The last stage in the development of San Mateo County, from the standpoint of the ownership and apportionment of the soil is now at hand, and consists of the division of large portions of the magnificent country estates throughout the county, into generous sized suburban lots and villa tracts. Although this period is the last stage of the subdivision of the land into its smallest segments,-it marks the beginning of an era of the greatest advancement and prosperity that this section of the peninsula has ever experienced.

San Mateo County is a “community grown up over night.” Twenty-five years ago it consisted of only a few scattered villages and two good sized towns with a total population of ten thousand ; today the population is almost four times this amount and growing more rapidly than ever before.

Previous to the year 1888, the county was altogether undeveloped in respect to the subdivision of its lands into suburban lots and acreage home sites. Along the Southern Pacific Railroad were dotted the older villages of Millbrae, San Mateo, Redwood City and Menlo Park. In the. adjacent country lay the beautiful estates of the Eastons and Mills of Millbrae; the Howards, Haywards and Parrotts of San Mateo ; the Hawes and Brittons of Redwood ; and the Athertons and Selbys of Fair Oaks.

It was in the year of 1888 that William H. Howard who owned several acres lying between the village of San Mateo and what is now Burlingame Avenue, began an active campaign of subdivision, and employed Davenport Bromfield the civil engineer to lay out what is known as the Western Addition to the City of San Mateo. Mr. Bromfield subsequently laid out practically all of the most important tracts and subdivisions throughout the peninsula, from the southern boundary line of San Francisco to the Menlo Park vicinity.

The platting of the Western Addition to San Mateo was followed by the first subdivision of the Town of Burlingame (being that portion of the town now lying south of Burlingame Avenue). Later came a subdivision of a portion of Mr. Howard’s home place, now known as Highland Park in the City of San Mateo. This work was the beginning of the expansion of San Mateo northerly, and the foundation of the present City of Burlingame.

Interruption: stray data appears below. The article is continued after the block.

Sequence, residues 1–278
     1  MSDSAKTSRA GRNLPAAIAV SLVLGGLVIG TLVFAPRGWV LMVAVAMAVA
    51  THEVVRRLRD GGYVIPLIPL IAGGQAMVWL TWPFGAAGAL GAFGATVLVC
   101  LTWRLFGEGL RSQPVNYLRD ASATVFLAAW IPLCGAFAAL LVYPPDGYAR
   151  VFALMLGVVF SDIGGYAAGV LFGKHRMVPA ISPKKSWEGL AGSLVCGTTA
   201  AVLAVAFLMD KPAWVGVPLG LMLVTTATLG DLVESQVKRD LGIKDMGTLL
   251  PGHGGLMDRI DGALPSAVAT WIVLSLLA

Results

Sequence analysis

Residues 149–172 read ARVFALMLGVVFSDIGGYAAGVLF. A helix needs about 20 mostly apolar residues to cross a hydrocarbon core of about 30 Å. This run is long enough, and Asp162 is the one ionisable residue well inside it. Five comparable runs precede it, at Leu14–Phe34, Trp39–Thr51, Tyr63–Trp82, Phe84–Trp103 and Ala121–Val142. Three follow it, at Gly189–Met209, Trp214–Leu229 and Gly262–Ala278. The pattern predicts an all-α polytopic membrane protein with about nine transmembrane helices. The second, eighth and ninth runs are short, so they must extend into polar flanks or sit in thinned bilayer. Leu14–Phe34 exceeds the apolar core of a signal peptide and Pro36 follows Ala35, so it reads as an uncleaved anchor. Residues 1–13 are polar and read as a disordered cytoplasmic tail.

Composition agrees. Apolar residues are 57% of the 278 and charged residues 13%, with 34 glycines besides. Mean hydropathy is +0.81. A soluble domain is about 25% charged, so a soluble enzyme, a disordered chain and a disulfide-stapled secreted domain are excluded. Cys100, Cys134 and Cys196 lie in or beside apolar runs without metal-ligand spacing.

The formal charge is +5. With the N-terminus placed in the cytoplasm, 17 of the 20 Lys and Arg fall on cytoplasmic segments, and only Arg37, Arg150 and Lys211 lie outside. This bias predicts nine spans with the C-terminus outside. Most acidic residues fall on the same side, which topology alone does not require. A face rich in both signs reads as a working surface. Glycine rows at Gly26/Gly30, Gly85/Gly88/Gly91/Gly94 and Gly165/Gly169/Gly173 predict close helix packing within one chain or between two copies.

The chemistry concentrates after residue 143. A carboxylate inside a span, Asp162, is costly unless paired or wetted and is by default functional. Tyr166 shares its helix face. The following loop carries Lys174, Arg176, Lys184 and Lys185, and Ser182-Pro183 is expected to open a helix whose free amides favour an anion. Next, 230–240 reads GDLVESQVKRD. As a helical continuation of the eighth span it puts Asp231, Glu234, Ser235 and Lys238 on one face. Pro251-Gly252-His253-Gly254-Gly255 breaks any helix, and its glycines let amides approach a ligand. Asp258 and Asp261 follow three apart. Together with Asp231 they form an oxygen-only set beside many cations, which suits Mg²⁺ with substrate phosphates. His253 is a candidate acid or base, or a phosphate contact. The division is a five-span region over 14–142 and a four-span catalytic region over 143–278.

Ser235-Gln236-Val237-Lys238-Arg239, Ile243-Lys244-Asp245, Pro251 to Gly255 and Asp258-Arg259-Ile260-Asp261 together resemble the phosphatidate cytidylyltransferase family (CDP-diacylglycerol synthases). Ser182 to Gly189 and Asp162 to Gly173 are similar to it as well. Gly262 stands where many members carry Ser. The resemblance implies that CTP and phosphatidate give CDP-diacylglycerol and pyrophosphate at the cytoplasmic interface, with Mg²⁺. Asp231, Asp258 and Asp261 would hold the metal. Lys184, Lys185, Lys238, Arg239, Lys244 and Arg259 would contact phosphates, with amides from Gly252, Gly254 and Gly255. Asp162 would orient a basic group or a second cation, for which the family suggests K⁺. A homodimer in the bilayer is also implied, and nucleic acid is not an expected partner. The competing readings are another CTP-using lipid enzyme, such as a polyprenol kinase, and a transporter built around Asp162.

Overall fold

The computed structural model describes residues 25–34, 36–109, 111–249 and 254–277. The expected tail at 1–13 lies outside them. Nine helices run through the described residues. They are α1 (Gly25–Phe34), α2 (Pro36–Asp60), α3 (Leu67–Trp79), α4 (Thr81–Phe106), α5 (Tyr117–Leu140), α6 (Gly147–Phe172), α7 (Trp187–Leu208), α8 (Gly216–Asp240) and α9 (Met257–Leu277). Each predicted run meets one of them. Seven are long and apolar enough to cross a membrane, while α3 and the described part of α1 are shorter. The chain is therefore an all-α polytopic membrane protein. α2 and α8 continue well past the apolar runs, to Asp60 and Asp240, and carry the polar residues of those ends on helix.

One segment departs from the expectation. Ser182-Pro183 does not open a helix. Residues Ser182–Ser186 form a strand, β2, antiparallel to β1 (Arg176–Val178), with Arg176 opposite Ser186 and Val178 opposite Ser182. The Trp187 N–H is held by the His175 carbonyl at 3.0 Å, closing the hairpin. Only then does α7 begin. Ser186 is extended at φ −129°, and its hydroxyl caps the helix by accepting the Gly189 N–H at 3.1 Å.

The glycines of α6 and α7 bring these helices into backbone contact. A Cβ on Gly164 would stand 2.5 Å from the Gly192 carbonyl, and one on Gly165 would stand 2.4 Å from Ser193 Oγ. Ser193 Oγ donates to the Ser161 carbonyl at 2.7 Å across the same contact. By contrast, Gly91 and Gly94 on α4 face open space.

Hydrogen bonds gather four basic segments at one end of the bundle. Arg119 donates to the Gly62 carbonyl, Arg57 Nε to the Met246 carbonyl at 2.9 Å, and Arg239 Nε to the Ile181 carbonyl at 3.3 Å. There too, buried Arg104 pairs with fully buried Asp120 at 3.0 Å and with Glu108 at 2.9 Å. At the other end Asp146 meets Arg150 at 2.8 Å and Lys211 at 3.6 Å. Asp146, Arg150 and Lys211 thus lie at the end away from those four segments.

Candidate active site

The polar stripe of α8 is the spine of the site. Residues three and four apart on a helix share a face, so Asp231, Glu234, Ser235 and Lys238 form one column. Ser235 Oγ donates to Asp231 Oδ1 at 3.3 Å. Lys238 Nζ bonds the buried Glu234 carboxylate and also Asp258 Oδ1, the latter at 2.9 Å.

The coming of the United Railroads from San Francisco to the City of San Mateo in 1902 and the perfection of their service into a daily half-hourly headway, between these two points in November of the next year, contributed largely to the further subdivision of private holdings.

The William Corbitt property at Burlingame was laid out into one-quarter acre lots, followed by the subdivisions known as Burlingame Heights, Lomita Park and Hayward Park. A few years later the tracts known as Easton and San Bruno were subdivided. All of these were contiguous to the railroad lines and on the eastern side of the State Highway. Crystal Springs Park and Highland Park were also important subdivisions.

As the beauty of peninsula property became more widely known to the San Francisco homeseeker, and its reputation as a most exclusive section for country ‘homes became more firmly established ; new tracts were thrown open, especially those more elevated lands lying westerly from the State Highway which were subdivided into larger residence and acreage lots to meet this higher priced market.

The Sharon Estate in 1889 began the subdivision of its 800-acre tract known as Burlingame Park, where today can be seen the handsome homes of the Crockers, Scotts, Colemans, Tobins, Carolans and others. This was followed by the Clark holdings, now known as San Mateo Park-the Bowie Estate, known as El Cerrito Park-the Ansel Easton Estate, San Carlos Park, Dingee Park, now known as Redwood Highlands-Valparaiso Park which is a portion of the Atherton Estate at Fair Oaks-and Stanford Park. These acreage subdivisions extending from Easton on the north to Stanford Park on the south, included every variety and character of land that the most fastidious homeseeker could desire.

Great care has been exercised by the landscape engineer in utilizing the natural contour and topography of the ground so as to place the building sites in elevated positions and allow the roads to meander along natural depressions. San Mateo and Easton are good examples of this art of the engineer.

From a bulletin issued by the United States Census Department over a year ago, dealing with the ownership of San Mateo County homes built upon the subdivisions of these large estates, the following comparative figures have been derived: about 80%4, of the total number of homes in the county today are occupied by urban home dwellers. Of this number more than half own their homes.